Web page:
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  • Only a Professional Land Surveyor licensed by the State Board of Registration is legally permitted to perform land surveys in the State of Idaho.
  • A Land Surveyor is an integral part of a professional team composed of attorneys, engineers, architects and planners.
  • Choose a reputable Land Surveyor in whose skill and judgment you can put your trust in.
  • A Land Surveyor should not be selected by price alone; competence is the top priority.
  • Your selection should be made when you are sure that the professional you have chosen has all of the facts and is completely aware of your requirements and/or the requirements of the governmental agency having jurisdiction over the property.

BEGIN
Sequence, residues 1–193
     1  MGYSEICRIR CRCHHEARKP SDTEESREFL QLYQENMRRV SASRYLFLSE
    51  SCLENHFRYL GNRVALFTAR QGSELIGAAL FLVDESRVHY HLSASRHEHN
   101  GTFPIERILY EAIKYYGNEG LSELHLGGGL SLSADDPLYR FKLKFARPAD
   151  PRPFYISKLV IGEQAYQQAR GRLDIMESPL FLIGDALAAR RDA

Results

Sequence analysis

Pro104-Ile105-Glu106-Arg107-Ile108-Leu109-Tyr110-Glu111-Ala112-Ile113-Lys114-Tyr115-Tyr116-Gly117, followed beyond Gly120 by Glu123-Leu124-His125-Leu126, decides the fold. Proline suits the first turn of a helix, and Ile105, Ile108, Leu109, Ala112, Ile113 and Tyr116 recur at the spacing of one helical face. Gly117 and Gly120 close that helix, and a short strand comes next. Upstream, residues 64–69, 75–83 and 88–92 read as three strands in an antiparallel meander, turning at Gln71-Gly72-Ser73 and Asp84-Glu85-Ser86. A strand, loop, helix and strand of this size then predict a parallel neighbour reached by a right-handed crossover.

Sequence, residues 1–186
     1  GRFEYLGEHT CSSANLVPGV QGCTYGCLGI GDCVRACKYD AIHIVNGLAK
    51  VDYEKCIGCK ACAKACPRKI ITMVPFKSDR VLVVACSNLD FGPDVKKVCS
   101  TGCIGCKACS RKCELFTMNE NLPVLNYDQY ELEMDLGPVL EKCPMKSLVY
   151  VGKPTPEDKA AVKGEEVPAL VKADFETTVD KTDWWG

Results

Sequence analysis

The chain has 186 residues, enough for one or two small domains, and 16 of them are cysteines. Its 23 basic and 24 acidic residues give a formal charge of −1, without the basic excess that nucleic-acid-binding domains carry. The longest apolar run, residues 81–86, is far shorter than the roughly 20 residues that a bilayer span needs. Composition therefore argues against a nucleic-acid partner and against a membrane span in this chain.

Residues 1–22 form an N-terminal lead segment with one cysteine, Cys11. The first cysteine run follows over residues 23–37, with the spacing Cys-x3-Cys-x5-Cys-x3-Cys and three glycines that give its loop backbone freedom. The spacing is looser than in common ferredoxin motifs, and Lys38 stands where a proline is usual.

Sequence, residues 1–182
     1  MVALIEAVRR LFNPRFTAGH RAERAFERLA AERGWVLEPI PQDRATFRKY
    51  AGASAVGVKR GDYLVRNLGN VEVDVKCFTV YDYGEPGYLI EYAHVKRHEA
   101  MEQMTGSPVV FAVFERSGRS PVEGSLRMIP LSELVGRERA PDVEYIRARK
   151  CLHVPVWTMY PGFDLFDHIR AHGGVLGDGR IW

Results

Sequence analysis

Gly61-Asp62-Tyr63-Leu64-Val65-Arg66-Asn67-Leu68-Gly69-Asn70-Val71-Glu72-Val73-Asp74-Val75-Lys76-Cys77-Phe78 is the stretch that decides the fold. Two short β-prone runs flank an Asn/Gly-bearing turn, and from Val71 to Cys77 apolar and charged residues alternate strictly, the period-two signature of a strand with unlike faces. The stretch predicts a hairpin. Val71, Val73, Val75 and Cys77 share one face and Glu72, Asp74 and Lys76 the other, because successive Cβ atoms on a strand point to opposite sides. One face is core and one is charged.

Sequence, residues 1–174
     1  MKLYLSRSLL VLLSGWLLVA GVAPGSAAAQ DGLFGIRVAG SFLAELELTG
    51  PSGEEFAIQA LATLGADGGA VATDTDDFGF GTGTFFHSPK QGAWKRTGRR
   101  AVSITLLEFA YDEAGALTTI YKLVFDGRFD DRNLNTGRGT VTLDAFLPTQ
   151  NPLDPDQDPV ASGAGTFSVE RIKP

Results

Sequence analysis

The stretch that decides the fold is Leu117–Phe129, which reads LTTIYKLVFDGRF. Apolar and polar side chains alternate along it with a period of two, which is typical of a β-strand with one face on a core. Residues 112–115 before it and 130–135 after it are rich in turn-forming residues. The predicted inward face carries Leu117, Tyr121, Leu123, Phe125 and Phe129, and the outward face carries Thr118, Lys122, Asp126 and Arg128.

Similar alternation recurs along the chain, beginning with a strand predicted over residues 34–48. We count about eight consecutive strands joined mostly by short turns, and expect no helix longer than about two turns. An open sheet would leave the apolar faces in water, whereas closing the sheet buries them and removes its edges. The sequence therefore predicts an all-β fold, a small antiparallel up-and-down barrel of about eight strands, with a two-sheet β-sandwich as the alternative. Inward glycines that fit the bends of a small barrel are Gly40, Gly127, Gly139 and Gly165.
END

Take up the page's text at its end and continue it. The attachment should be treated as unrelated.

The cost for most land surveying work is based on the following variables:

  • Type of survey – Costs may increase as the required precision and scope of the survey increases.
  • Record search – Research varies by the number of parcels involved and the number of past transactions
  • Size and shape of property – An irregularly shaped parcel has more corners to monument than a rectangular parcel containing the same area.
  • Sectionalized survey work – This could require the survey of the entire section (± 640 acres) in which the land being surveyed lies, regardless of the area of the parcel. In some cases, a survey of more than one section is required.
  • Terrain – A level parcel of land is easier to survey than a mountainous parcel.